Puerto Rico (A Quick Take)

posted by Stephen Lubben

So the debt restructuring plan is out. The New York Times indicates that the Oversight Board aimed to put the Commonwealth's debt at "less than" the average of the ten most indebted states. Not exactly a "fresh start" there, is it? Why not peg the debt to that of the average state?

Nonetheless, we can expect the bondholders to complain about even the relatively modest haircut they are slated to take, and they will surely note that the pensioners are taking less of a cut. Of course, the pensioners are in some sense funding the bondholder's recovery, since they are a key factor in keeping the Commonwealth's economy alive.

Normally we say that the liquidation baseline does not work in chapter 9 cases, because there is no real way to "liquidate" a municipality. But if the bondholders push too hard, they may test that assumption with regard to Puerto Rico. Lightly populated Caribbean islands do not support large debt loads, or even 63% recoveries to bondholders.

Alix v. McKinsey Update

posted by Stephen Lubben

Judge Furman has dismissed the federal RICO charges, and the case may be headed to state court. Our chances of actually finding out if McKinsey flouted rule 2014 (and § 327) are looking increasingly dim:

OPINION AND ORDER re: 88 JOINT MOTION to Dismiss by all defendants. filed by McKinsey Holdings, Inc., Kevin Carmody, Alison Proshan, McKinsey Recovery & Transformation Services U.S., LLC, Jon Garcia, Seth Goldstrom, Robert Sternfels, McKinsey & Company Inc. United States, Dominic Barton, McKinsey & Co., Inc. If Alix's allegations in this case are true (as the Court has assumed they are for purposes of this motion), they are certainly troubling. Moreover, Alix and AlixPartners may well have good reason to be upset about Defendants' alleged misconduct and may indeed have genuinely public-spirited reasons for seeking to deter it going forward. But that is not enough to state a claim for relief, much less a claim under the civil RICO statute, which provides a remedy only to those whose injuries directly resulted from a defendant's scheme. Defendants' motion to dismiss is accordingly GRANTED as to Alix's federal claims and those claims the First, Second, Third, and Fourth Causes of Action are dismissed with prejudice. The Court defers ruling on Defendants' motion to dismiss Alix's state-law claims until it confirms, following the parties' supplemental briefing in accordance with the schedule set forth above, that it has diversity jurisdiction over those claims. The Clerk of Court is directed to terminate the Individual Defendants Dominic Barton, Kevin Carmody, Jon Garcia, Seth Goldstrom, Alison Proshan, Robert Sternfels, and Jared D. Yerian as parties and to terminate ECF No. 88. SO ORDERED., (Jon Garcia, Seth Goldstrom, Alison Proshan, Robert Sternfels, Jared D. Yerian, Dominic Barton and Kevin Carmody terminated.) (Signed by Judge Jesse M. Furman on 8/19/19) (yv) (Entered: 08/19/2019)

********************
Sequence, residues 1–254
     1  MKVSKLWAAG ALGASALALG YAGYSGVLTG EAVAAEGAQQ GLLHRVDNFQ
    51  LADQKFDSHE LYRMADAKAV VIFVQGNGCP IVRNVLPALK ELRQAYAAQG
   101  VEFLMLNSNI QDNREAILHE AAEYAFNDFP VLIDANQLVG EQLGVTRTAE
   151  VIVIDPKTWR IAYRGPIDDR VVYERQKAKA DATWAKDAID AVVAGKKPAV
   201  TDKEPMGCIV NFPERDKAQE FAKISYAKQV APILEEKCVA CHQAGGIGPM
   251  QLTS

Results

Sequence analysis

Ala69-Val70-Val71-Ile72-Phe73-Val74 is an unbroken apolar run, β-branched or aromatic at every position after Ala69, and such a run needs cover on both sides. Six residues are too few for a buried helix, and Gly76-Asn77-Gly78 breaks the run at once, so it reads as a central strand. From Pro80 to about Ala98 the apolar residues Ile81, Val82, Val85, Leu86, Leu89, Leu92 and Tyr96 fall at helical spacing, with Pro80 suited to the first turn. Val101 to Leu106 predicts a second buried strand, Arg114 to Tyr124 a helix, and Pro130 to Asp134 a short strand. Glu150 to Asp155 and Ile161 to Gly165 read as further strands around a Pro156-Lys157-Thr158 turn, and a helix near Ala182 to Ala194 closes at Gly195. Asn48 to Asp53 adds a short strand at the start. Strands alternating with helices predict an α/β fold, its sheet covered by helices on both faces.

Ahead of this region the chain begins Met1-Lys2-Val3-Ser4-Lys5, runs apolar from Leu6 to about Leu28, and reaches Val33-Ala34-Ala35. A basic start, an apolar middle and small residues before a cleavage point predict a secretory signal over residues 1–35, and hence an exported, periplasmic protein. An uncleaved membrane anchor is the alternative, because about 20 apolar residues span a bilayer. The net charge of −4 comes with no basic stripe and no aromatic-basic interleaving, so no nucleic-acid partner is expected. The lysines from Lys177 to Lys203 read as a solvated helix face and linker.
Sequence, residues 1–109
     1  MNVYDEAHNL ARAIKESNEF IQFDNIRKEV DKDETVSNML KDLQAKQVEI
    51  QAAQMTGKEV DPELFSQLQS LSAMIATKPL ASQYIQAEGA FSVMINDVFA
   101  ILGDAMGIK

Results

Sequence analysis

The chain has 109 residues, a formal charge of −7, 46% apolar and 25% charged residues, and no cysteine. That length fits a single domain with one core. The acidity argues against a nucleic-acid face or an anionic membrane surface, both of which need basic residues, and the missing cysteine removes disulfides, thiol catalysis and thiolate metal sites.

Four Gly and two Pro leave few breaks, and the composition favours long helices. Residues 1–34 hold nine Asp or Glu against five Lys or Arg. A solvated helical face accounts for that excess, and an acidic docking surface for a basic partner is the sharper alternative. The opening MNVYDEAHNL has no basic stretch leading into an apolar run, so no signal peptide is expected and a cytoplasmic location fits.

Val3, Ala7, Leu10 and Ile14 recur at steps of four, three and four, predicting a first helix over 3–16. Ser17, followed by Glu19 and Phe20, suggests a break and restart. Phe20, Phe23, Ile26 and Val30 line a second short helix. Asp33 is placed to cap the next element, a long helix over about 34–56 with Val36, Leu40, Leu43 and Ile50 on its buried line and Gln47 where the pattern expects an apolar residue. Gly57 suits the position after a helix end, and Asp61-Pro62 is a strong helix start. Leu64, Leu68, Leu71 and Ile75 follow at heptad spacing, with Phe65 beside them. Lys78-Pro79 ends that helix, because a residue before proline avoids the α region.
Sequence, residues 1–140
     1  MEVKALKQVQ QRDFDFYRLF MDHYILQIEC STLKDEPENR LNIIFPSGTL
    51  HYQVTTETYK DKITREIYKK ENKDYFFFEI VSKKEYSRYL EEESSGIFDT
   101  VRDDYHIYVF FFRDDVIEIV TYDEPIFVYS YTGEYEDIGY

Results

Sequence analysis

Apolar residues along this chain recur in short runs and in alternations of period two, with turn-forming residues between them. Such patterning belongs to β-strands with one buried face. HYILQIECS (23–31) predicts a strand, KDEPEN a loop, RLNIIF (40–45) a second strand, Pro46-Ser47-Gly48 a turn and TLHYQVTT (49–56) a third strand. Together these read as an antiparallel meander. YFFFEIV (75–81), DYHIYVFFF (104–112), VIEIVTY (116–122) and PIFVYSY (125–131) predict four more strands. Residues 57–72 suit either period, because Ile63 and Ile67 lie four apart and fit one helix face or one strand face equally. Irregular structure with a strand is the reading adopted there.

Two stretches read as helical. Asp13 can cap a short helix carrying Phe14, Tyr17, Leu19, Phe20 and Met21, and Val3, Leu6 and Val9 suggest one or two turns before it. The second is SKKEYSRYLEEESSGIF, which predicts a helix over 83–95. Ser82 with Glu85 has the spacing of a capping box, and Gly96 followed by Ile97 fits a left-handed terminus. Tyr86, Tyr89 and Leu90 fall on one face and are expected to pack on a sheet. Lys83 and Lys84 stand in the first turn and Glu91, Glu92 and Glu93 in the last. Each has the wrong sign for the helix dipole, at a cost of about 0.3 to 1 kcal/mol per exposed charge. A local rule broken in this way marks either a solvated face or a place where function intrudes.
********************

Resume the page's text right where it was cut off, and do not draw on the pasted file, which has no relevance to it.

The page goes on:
Ouch. (Puerto Rico Edition)

posted by Stephen Lubben

The First Circuit responds to the Oversight Board's request for a stay until the Supreme Court can rule on their cert. petition, with regard to the Constitutionality of the Board's appointment (emphasis added):

ORDER entered by Juan R. Torruella, Appellate Judge; Rogeriee Thompson, Appellate Judge and William J. Kayatta, Jr., Appellate Judge: In accordance with Federal Rule of Appellate Procedure 41(b), this Court ordered the withholding of its mandate in this case for a period of 90 days so as to allow the President and the Senate to appoint members of the Financial Oversight and Management Board for Puerto Rico in accordance with the Appointments Clause. With that 90-day stay set to expire on May 16, 2019, the Board informs us that the President has announced his intent to nominate the current members to serve out their terms, but that the nominations have not yet gone to the Senate. The Board has also filed, apparently with no sense of any urgency, a petition for certiorari. The Board seeks a further stay of our mandate, this time under Federal Rule of Appellate Procedure 41(d)(1), which would stay the mandate indefinitely until the Supreme Court's final disposition of the case. That request is denied. Instead, the stay of our mandate is extended sixty (60) days, until July 15, 2019.

Puerto Rico, the Board, and the Appointments Clause

posted by Stephen Lubben

As many will have seen in the press, the First Circuit has said that PROMESA's Oversight Board was appointed in violation of the Appointments Clause. In short, while PROMESA allowed President Obama to appoint members of the Board without Senate confirmation, the Court says such confirmation was required.

The Board has decided to appeal to the Supreme Court, and the First Circuit's decision is on hold for 90 days. But what happens in 90 days?

In short, chaos. The title III "bankruptcy" cases for Puerto Rico and its affiliates are all run by the Board. Without the Board, the cases would seem to grind to a halt. If they remain that way for an extended period of time – and who really thinks this Congress and this President are going to get their act together in 90 days? – the District Court may have little choice but to dismiss the cases.

The appeal was brought by old-friend Aurelius. They presumably assume that they will get better treatment outside of title III.